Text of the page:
(Seattle) Advanced placement University of Washington freshman Bart Sampson's first contribution to science was his easy-to-build generator that saps energy from radio and other airwaves now powering his neighborhood's block.
After initial attempts by the government to confiscate his invention, Bart's quick thinking allowed the cellular telephone firm Nokia to adopt his work and create a device that self-recharges.
Today Bart was proud to announce his new artificial cells whose DNA can create many products including hand held electronic products and potentially larger items such as aircraft.
"It started with the Web," said Bart in an exclusive interview with The Spoof.
"I was doing theoretical chemical chain reactions before college let me try nano-manufacturing for real."
Photographs of Bart's initial successful attempt to create simple essential compounds show his laboratory more akin to a spider's web with cables and tubes and gas canisters running around in all directions.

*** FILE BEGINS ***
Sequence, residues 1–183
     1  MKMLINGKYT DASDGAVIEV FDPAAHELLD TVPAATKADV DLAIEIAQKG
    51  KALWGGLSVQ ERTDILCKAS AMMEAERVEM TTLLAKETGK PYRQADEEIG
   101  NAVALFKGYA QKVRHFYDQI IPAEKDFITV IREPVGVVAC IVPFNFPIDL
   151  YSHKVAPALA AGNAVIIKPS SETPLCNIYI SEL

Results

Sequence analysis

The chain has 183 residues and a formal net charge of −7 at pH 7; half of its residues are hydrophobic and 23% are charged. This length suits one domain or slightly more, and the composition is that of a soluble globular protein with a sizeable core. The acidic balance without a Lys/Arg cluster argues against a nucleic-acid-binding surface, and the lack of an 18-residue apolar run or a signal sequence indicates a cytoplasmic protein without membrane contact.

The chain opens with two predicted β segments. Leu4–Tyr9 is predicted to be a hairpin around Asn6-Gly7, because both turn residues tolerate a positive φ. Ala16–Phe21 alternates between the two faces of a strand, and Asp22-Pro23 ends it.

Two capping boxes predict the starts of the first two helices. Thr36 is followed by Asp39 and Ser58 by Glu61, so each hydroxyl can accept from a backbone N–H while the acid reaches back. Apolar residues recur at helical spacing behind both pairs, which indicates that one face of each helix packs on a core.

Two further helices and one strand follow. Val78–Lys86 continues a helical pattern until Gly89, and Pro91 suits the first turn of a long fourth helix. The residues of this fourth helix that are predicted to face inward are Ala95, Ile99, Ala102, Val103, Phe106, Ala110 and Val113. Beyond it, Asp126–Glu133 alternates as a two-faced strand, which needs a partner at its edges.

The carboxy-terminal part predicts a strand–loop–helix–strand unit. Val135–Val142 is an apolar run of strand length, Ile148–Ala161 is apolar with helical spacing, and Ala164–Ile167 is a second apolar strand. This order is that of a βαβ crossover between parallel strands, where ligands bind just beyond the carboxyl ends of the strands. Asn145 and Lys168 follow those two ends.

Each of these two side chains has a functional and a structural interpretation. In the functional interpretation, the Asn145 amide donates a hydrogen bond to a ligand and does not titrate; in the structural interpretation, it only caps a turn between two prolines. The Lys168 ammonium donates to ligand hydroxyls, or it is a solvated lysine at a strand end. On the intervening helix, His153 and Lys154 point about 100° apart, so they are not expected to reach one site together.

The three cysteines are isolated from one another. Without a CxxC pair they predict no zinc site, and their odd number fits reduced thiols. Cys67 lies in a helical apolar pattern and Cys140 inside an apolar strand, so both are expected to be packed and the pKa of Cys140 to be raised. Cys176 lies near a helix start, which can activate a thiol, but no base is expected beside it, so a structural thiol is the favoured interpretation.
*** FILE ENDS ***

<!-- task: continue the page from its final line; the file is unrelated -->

"It's amazing what can be made from pollution and garbage," noted Bart.
"We needed mercury so we collected fish scraps from seafood restaurant.
"With essential helium from the ground quickly running out, we'd search out grand openings and other special events that would otherwise waste that precious gas on dumb balloons.
"Someone even whipped up some exhaust pipe collectors since it's full of nano-fuels."
Bart's invention of "Nanosmart in[k]" has pioneered the next step in custom reliability among manufacturers say industry insiders. His "slab" to act as an inline embedded video presentation on a printed page resulted in a 2mm thick inset that could be custom molded to shape around many surfaces.
Rumors of Nobel Peace Prize have even been circulating due to young Bart Sampson's philanthropic efforts to help educate the needy. Donations of Bart's generators to so-called Tent Cities popping up near what once were dream home developments have helped launch the young inventor to a level of karma he admits he's not prepared for.